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Progress on Two ESOP Bills in Congress

Posted by Marc S. Schechter | May 09, 2018

An Employee Stock Ownership Plans (ESOPs) become more popular in the U.S., employee ownership legislation is making its way through Congress to broaden the appeal of these unique benefit plans. Two bills, one in the House and one in the Senate, have recently made it through the Small Business Committees without dissent.

Nydia Velazquez (D-NY) is the House sponsor behind the Main Street Employee Ownership Act. With bipartisan support, H.R. 5236 would make it easier for ESOPs to obtain stock acquisition loans from the Small Business Administration (SBA). ESOP stock acquisition loans could also be made under the SBA's preferred lender program.

Loans would be made more readily available to worker co-ops, which generally have more limited access to investment capital. The bill would also establish a Small Business Employee Ownership and Co-operatives Promotion Program, partnering with Small Business Development Centers, to provide training and assistance for small businesses transitioning to employee ownership.

The legislation also makes plans for future cooperation and tracking of employee ownership. This includes: 

  • Developing recommendations on how federal programs can promote and support employee-owned businesses;
  • Ensuring cooperation with federal agencies and national and local employee ownership, cooperative, and small business organizations; and
  • Providing annual reports to Congress.

In the Senate, Gary Peters (D-MI) and James Risch (R-ID) introduced the Small Business Employee Ownership Promotion Enhancement Act of 2017. Senate Bill 1538 would “amend the Small Business Act to establish awareness of, and technical assistance for, the creation of employee stock ownership plans, and for other purposes.”

It appears one of the primary purposes of the Senate bill is to promote employee ownership in the business community. This includes directing an SBA program to appoint an individual to serve as the Service Core of Retired Executives (SCORE) Employee Ownership Director. This position would involve:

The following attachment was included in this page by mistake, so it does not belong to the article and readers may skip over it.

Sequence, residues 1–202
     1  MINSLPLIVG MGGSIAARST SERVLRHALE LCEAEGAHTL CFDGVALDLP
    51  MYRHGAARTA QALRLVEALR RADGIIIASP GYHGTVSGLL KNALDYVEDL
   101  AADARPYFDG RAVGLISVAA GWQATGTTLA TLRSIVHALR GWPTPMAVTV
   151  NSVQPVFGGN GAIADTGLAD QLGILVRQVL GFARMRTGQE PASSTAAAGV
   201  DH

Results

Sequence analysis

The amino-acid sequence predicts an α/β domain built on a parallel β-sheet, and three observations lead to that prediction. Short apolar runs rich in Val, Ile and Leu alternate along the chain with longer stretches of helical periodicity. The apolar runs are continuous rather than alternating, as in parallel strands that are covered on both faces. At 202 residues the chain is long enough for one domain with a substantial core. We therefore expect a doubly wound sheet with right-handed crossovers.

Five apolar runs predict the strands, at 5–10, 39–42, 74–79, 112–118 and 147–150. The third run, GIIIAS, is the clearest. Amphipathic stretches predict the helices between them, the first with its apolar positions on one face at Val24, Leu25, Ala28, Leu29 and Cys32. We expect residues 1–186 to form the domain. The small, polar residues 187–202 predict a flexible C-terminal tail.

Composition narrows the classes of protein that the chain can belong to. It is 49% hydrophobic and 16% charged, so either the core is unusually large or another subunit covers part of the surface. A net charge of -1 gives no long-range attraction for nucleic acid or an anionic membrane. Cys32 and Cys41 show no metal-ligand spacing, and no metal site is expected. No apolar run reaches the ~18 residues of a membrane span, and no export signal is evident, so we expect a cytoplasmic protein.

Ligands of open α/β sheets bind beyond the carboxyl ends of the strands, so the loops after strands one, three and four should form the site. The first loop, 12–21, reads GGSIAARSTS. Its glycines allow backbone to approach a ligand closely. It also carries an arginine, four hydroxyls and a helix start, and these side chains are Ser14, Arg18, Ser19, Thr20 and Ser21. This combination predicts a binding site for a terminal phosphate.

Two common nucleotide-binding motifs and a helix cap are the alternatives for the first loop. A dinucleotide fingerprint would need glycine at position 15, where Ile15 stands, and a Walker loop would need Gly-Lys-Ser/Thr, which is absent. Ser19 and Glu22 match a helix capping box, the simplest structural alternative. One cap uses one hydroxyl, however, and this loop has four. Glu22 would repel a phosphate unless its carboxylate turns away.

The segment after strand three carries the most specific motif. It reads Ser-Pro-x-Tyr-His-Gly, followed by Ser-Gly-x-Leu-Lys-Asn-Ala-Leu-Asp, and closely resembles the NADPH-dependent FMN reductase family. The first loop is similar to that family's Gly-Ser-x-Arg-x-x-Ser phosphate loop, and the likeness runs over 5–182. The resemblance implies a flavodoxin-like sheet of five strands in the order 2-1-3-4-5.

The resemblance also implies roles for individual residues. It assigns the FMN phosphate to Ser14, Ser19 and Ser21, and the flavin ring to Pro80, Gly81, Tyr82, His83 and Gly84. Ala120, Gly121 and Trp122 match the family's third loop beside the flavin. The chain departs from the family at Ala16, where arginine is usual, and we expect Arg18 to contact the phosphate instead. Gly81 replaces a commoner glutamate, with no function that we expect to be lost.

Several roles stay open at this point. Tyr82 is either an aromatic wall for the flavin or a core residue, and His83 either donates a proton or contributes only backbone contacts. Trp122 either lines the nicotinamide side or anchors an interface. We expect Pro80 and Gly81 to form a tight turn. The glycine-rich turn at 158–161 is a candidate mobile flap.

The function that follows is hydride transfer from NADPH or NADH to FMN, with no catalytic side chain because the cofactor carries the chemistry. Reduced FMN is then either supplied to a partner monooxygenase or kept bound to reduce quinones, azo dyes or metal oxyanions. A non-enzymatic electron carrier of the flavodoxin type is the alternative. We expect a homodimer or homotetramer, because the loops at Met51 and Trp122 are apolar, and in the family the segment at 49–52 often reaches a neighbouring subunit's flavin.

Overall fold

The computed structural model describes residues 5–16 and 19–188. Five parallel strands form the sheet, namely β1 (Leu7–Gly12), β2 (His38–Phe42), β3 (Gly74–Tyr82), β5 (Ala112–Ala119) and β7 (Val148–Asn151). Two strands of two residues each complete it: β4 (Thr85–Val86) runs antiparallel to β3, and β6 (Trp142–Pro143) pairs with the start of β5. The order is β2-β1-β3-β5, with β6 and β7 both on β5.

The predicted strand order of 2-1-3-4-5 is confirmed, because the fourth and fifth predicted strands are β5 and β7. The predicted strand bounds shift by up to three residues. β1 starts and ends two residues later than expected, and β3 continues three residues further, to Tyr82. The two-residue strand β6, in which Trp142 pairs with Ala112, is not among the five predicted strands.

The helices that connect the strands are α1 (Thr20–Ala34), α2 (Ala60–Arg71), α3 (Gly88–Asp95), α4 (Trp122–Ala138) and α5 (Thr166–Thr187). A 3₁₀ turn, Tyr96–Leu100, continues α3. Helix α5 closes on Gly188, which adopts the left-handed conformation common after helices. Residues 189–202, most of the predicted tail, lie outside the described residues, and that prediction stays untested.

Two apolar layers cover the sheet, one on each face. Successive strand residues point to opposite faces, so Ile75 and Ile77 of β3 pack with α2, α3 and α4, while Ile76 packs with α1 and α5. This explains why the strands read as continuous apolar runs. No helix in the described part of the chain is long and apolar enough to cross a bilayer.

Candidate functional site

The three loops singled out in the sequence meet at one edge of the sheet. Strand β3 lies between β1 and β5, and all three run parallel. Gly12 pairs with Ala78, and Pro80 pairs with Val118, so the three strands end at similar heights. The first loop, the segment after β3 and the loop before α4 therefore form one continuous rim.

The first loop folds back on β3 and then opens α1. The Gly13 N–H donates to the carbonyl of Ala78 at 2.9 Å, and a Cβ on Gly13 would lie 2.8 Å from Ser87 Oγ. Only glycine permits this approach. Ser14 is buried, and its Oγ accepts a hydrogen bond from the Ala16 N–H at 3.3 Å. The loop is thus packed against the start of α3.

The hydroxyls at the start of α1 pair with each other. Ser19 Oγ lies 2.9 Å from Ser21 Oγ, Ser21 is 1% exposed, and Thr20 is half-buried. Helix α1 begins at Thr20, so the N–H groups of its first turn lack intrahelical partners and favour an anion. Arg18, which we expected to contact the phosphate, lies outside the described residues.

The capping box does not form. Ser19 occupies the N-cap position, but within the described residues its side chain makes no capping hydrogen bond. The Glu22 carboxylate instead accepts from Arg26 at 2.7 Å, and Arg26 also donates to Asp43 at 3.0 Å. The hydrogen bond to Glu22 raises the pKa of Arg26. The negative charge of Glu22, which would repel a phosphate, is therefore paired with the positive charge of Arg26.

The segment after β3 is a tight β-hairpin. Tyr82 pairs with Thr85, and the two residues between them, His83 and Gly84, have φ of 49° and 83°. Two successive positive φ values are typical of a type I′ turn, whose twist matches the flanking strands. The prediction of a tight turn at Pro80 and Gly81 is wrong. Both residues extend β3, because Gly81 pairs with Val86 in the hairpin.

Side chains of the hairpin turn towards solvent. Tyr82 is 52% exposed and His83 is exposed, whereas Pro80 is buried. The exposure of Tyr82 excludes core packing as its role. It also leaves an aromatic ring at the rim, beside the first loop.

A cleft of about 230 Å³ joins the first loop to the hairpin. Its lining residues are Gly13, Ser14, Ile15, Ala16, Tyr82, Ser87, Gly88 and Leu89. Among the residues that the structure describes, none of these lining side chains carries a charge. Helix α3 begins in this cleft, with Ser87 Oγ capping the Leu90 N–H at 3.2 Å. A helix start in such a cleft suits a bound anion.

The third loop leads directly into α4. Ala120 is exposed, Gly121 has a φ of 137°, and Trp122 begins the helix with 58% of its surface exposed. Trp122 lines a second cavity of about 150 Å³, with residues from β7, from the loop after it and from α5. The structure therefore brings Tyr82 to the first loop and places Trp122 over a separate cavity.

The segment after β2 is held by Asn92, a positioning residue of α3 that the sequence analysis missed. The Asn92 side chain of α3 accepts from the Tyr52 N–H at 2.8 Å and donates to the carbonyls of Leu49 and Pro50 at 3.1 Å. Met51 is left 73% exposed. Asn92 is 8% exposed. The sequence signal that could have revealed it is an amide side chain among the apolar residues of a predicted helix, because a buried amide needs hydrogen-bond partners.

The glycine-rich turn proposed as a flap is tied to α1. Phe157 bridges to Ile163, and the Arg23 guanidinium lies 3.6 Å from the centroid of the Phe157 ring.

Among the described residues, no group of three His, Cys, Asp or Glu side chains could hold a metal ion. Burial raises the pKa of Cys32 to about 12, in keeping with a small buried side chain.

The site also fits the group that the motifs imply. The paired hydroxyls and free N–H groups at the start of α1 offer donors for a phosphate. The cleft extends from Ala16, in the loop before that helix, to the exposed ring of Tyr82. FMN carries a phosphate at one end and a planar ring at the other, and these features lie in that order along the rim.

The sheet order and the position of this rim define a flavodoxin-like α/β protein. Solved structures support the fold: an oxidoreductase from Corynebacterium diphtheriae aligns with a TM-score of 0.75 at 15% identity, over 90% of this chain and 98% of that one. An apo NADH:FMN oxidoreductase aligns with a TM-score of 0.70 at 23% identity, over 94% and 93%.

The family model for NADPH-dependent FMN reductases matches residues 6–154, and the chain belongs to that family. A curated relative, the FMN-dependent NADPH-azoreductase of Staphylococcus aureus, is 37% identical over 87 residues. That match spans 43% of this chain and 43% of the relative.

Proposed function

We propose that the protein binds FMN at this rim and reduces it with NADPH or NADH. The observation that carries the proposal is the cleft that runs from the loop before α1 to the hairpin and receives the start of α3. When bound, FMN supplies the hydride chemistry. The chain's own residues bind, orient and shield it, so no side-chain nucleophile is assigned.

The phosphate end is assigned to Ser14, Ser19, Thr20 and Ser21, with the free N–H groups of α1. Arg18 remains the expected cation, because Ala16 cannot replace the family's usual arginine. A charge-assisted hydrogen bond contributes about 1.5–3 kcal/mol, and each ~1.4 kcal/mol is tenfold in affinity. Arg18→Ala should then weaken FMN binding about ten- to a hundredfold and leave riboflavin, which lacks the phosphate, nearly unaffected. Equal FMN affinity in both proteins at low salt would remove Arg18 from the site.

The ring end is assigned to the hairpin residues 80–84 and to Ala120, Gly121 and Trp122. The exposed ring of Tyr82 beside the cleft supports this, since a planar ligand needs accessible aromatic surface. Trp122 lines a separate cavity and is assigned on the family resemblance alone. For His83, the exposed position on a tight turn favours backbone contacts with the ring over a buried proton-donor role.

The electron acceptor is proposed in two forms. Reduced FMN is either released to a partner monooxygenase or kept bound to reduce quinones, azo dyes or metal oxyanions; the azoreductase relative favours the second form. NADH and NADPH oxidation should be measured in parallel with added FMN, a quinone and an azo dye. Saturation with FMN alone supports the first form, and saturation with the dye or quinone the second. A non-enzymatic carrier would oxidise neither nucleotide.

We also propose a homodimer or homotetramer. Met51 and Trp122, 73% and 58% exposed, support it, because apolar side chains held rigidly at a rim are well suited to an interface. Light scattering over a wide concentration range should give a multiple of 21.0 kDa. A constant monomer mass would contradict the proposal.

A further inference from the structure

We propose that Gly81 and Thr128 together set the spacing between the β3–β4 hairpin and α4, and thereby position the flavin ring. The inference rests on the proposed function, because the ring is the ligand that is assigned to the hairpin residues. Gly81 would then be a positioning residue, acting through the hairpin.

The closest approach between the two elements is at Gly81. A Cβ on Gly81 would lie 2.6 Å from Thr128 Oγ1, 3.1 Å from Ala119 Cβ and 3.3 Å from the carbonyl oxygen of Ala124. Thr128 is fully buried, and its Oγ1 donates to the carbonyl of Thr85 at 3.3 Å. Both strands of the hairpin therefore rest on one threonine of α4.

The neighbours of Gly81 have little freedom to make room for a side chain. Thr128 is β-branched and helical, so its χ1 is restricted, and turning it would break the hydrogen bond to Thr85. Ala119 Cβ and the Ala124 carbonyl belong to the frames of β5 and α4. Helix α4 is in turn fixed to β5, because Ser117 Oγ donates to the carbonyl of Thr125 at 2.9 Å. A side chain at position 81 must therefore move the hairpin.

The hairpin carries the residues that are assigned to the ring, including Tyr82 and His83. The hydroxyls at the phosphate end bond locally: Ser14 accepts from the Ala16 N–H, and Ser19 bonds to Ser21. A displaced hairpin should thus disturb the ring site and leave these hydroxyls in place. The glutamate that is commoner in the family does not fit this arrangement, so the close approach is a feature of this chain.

• Administering and distributing materials for establishing employee ownership structures;
  • Coordinating efforts to promote employee ownership with SCORE chapters across the U.S.; and
  • Providing technical assistance relating to business strategies to promote and facilitate employee ownership.

While some business owners are still unfamiliar with ESOPs and how they can benefit owners, employees, and the company, a broader range of industries are looking towards ESOPs. Employee ownership has been found to be a positive way to incentivize employees and provide a tax-advantaged exit strategy for owners getting ready to retire.

In addition to productivity increases, higher employee retention, and providing a ready buyer for a founder looking to retire or divest ownership of a portion of their company, there are significant tax savings associated with employee ownership plans. Employer contributions are generally tax-deductible for up to 25% of payroll. Selling shareholders may also be able to defer capital gains on the sale of company shares to an ESOP when sale proceeds are reinvested in qualified replacement property (QRP) within a year.

If you have any questions about employee ownership options for your company, the law firm of Butterfield Schechter LLP is here to help. We are San Diego County's largest law firm focusing its law practice on employee benefits law. Contact our office today with any questions on how we can help you and your business succeed.

About the Author

Marc S. Schechter

Marc Schechter specializes in the areas of employee benefits, ERISA, and business matters.


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